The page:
Living with a Chronic Illness and Working

Living with a Chronic Illness and Working
Thursday, September 21, 2017
Lauren Bombardier Weeks Photo

Growing up, I was never quite sure whether my disease would allow me to work full time. I have lived with the chronic, life-threatening illness called cystic fibrosis (CF) my whole life. This disease that mainly affects the lungs has led to frequent hospitalizations due to lung infections throughout my life, as well as some fatigue, fevers, and a frequent cough that can interrupt my day unexpectedly. Because of this disease, I also face a shortened life expectancy. A blessing and a curse of the disease is that most people can’t tell by looking at me that I have a disability. Not only that, but the unpredictability of the lung infections that come with CF can make it difficult to explain why some days I am as healthy as the next person, and other days I can’t get out of bed.

                Despite the barriers CF tried to place upon me, I persevered. If it wasn’t slowing me down yet, I wouldn’t let it slow me down now. So I went to college and began working full time. After scoring my first job after college, the 40 hour plus schedule each week proved troublesome for my health. Within a few months, I was back in the hospital. Such is the balancing act of cystic fibrosis. With reluctance, I began to realize that the job I had chosen, which required me to be physically present each day, and contributed to a lot of stress mentally, was not the best option for my health.

                If you’ve ever gone to college, you know that finals week tends to be the week when most people get sick, as students who are lacking sleep and are overwhelmed with stress suddenly find themselves too weak to fight off the virus circling through their dorms. Balancing life with CF works in much the same way. Though things like the common cold and bacteria can lead to a lung infection, wearing down your body with things like a stressful work environment or an exhausting workload can weaken the body’s response to the bacteria which is always festering within my lungs. In other words, the stronger my body is, the better I can cope with the toll CF takes on my body, and the more productive I can be at work.

                Realizing that my job at the time was not the ideal environment for staying healthy, I hit the job market for the second time in 2 years. When I found Education Development Center, Inc. (EDC), it felt like the perfect match: a non-profit which brought me back to my passions for social justice; a flexible work environment; as well as an HR team who sought out the best for their employees and who valued a work-life balance. Getting the call that EDC was offering me the job in their Human Resources department was the beginning of my road to good health.

 EDC Logo

                Within a couple of months, I formally requested an accommodation of working from home once every other week. I found that having a day to sleep in, without the 45 minute commute each way, and without the stress and general energy it takes to make it through a work day was just what I needed to maintain a level of energy that allowed me to be both productive and healthy. It was also a place where I felt comfortable disclosing my disability so that on the unpredictable days where I couldn’t get out of bed, my supervisor understood that rest was required if I wanted to get back to work.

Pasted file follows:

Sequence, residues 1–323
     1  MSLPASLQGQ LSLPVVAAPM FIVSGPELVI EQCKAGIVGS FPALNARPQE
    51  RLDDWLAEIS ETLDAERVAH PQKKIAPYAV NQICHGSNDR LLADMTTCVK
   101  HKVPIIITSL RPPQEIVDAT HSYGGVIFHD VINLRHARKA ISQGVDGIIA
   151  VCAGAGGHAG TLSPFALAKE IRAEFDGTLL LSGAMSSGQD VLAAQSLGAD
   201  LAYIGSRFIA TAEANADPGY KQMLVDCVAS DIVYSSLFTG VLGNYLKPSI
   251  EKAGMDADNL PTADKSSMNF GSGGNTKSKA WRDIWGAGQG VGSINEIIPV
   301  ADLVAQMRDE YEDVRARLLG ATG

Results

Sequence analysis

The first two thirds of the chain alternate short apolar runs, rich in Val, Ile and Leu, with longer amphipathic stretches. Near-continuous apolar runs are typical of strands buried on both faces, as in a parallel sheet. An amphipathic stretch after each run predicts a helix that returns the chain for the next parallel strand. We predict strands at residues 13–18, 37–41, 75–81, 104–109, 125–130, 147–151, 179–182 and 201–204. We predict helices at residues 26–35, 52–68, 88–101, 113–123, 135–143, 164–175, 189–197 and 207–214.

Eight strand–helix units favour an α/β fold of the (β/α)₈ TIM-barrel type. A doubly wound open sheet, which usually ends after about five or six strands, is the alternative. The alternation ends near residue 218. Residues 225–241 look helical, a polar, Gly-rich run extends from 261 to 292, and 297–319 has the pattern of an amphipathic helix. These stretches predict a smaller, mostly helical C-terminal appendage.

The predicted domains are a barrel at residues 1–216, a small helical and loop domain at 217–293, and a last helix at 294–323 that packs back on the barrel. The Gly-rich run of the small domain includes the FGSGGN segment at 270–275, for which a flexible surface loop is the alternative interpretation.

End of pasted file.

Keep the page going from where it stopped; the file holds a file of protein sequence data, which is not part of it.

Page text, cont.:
Now, I work with our employees who need accommodations of their own, and I am able to use my own experience to be empathetic to their needs. I believe that, with the right accommodation, workplaces can encourage people with disabilities, whether visible or invisible, to be their most productive selves. I have seen first-hand what working at an organization like EDC has done not only for my health, but also for my ability to contribute in a meaningful way.  I am lucky to have found my match!

                At the Work Without Limits conference, I will be leading a session on Chronic Illness in the workplace. In it, participants will get to experience first-hand the balancing act of living with a chronic illness while working. I hope it will shed some light on the challenges that people with chronic illnesses face and show how the right accommodation makes all the difference.

Register for the Work Without Limits Conference

Raise the bar logo

Register for the Work Without Limits Conference to attend Lauren’s “Chronic Illness and Invisible Disabilities in the Workplace” Breakout Session by clicking here http://raisethebar2017.org/register/ Last day to register is this Friday September 29, 2017 so act now!

Author Bio:

Lauren Bombardier Weeks works in Human Resources at Education Development Center in Waltham, MA. She is also a blogger, speaker, and writer through her website thesowhatlife.com and is working on publishing her first book called "Growing Up Sick: The Secret to Happy Kids" about the way her parents raised her while living with cystic fibrosis, a chronic life-threatening lung condition. She has shared her story with pharmaceutical companies, government representatives, and has been a patient teacher at Harvard Medical School. Through her writing and speaking, Lauren shares her perspective about life with a chronic illness, with the goal of slashing assumptions while advocating for people with invisible disabilities.